The power of the dance to convey a message is an essential element in a world where the screen has replaced face to face contact. Dance and music are inseparably intertwined in their ability to express emotion in a way that words fall short. They can set the mood or tone, adding to the other elements to put the finishing touches on the message. The power behind human movement springs from the fact that a majority of human communication is nonverbal. The verbal portion is only a small part of what is used to send and interpret the message. Dance is like a painting using the human body and form as its medium. The flowing together of the movement conveys the inner world and takes the message to a deeper level than static imagery. ‘
These are the key concepts gained from an exploration of the world or dance in media. The first commercial to be explored is the David Elsewhere Heineken commercial. One of the key themes that stood out in the Heineken commercial is the theme of transformation. The opening of the commercial takes the focus of a mostly dark city to the level of the individual. The lighting and tone of the scene are a largely dark. The first shot of the main character shows him with his head down, in a shadowy world. When he enters the club, the music begins to transform people. Dance coupled with images of the product show the ability to transform the dark and shadowy into the light. As the commercial progresses, the lighting becomes brighter and more cheerful.
To further this concept, the music and dance transform ordinary people into people doing something unexpected and extraordinary. For instance, once would not expect to see and older ethnic grill cook pop locking. Men in business suits are not the typical image either. If the characters were just drinking a beer and standing around socializing, it would be ordinary. The style of dance adds an element of extraordinary, connecting the image of Heineken to something extraordinary.
The second example of dance in the mass media is the Hyundai commercial using Pilabolus Dance Company. This commercial uses silhouette and the art of dance to convey the idea of transformation. As the shapes evolve, one can pick out archetypal images. The element of the man building the fire with the female figure sheltered safely is primal, invoking the feeling warmth, safety, and security. The image of the women in the historical dress is soft and feminine. The way she growing and spreads her arms in the sunshine conveys the image of growth and new possibilities. The image of the many cycling has a feeling of productivity and mechanical precision. Dance allowed the creators of this commercial to pack many messages into a short, compact time span. They said so much more with dance than they could have using traditional commercial imagery alone. In the end, they neatly tied these concepts and images to the product.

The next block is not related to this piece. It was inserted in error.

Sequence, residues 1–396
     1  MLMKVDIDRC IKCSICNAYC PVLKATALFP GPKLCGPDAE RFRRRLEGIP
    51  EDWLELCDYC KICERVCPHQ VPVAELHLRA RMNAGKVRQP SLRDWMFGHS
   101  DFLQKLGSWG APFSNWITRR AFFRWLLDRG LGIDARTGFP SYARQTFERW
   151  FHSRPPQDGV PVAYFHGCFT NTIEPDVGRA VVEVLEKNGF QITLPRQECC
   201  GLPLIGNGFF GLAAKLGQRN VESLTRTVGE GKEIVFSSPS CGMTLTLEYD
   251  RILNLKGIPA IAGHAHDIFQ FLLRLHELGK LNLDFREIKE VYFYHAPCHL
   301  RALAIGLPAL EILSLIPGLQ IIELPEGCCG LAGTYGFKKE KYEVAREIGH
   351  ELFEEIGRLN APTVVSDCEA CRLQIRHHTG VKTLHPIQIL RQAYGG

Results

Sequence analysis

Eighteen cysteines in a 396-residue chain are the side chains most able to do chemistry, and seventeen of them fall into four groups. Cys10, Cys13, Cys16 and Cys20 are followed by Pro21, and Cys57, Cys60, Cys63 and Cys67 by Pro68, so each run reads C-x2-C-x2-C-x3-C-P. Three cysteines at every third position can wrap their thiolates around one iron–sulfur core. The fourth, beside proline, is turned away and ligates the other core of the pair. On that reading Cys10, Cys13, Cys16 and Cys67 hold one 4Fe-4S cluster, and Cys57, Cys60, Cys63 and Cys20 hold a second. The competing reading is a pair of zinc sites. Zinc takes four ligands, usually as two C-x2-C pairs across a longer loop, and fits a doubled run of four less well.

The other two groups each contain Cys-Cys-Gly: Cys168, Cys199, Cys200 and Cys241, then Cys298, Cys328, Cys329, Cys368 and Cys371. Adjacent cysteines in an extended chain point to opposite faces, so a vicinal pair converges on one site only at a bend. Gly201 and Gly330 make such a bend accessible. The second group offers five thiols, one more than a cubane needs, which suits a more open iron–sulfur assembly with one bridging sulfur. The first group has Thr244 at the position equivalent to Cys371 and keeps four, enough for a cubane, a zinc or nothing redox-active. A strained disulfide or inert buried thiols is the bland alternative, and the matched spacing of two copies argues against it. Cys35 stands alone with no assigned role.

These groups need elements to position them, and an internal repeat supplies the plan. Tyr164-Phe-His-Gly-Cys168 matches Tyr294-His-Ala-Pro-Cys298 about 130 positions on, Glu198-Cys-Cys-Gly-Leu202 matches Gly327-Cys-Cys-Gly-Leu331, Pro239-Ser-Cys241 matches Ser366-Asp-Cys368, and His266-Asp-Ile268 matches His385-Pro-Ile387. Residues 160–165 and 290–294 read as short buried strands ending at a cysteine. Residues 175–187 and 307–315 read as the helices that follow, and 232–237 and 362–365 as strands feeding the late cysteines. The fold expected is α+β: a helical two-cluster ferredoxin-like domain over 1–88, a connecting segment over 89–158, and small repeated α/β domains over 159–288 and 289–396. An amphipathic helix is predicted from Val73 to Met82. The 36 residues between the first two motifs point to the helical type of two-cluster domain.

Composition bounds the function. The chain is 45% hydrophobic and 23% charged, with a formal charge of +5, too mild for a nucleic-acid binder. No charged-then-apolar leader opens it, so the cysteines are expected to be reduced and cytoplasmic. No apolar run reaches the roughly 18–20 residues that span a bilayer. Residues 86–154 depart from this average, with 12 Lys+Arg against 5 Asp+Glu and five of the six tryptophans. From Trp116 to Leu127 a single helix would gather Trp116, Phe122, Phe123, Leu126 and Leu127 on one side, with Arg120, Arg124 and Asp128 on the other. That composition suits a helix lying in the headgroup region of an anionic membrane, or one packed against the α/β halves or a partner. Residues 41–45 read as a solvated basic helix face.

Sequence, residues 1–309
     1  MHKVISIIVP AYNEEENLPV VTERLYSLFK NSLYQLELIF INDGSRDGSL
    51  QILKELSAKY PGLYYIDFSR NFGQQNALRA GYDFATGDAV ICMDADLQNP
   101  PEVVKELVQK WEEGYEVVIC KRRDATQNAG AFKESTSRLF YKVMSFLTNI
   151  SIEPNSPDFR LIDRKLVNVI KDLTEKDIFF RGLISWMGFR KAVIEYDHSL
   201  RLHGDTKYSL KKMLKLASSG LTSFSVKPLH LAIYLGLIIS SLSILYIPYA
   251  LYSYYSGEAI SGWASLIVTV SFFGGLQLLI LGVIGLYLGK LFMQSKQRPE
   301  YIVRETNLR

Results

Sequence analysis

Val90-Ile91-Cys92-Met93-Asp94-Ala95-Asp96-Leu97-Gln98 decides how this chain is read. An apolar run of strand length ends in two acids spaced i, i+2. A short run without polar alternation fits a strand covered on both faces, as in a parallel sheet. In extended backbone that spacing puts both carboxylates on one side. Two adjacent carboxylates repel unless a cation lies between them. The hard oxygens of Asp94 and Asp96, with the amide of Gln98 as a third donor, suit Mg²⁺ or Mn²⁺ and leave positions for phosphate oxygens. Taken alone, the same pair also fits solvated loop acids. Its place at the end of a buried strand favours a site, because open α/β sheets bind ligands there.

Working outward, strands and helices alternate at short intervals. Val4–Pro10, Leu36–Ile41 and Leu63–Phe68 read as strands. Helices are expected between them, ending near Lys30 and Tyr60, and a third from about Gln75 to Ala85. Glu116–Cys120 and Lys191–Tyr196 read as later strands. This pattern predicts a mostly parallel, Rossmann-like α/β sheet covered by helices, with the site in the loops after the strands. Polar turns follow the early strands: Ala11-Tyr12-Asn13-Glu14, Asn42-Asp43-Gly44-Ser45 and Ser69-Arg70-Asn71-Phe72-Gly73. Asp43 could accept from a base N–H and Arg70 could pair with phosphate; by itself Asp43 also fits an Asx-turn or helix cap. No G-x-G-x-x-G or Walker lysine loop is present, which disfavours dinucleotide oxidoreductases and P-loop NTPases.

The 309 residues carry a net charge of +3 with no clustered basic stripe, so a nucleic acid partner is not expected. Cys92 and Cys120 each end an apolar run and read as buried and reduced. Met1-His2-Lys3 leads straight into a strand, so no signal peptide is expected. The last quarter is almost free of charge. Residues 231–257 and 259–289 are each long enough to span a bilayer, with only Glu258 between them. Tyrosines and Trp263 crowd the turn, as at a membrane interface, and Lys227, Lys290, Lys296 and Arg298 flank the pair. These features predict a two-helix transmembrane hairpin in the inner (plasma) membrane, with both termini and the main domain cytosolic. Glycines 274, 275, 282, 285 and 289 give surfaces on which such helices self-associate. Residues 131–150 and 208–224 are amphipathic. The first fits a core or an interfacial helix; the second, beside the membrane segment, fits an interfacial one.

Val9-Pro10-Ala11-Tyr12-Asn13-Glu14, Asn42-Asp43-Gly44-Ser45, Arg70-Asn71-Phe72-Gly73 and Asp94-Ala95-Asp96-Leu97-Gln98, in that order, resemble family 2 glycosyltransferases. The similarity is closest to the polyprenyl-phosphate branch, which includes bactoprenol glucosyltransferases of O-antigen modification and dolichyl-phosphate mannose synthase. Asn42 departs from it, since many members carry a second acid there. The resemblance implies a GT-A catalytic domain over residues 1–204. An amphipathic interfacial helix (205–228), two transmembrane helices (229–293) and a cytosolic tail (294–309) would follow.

The third commercial is the Lawson’s Scotch commercial using the New Zealand All Blacks Rugby team doing the Haka. This commercial conveys a primal image of the battle, which also contains the idea of camaraderie and teamwork. It uses culturally relevant images. Those who are familiar with the tradition of the kilt can almost see it coming in the end. I really thought that this was the funniest commercial that I saw. The commercial was meant to make the viewer laugh, which releases endorphins and a good feeling. The commercial used this primitive ritual to create the element of humor. The guys in the commercial are acting silly and over exaggerating the situation. This is not a battle for life and death, it is a game. Yet, through their movements, they convey the message that it is a war. This dance is a satire of sports teams and “manly men”. Once the audience has a smile on their face due to the expected, yet unbelievable antics in the end, an image of the product is presented. This connects the image of the product to good times and feeling good. This was the most creative use of dance to evoke feeling.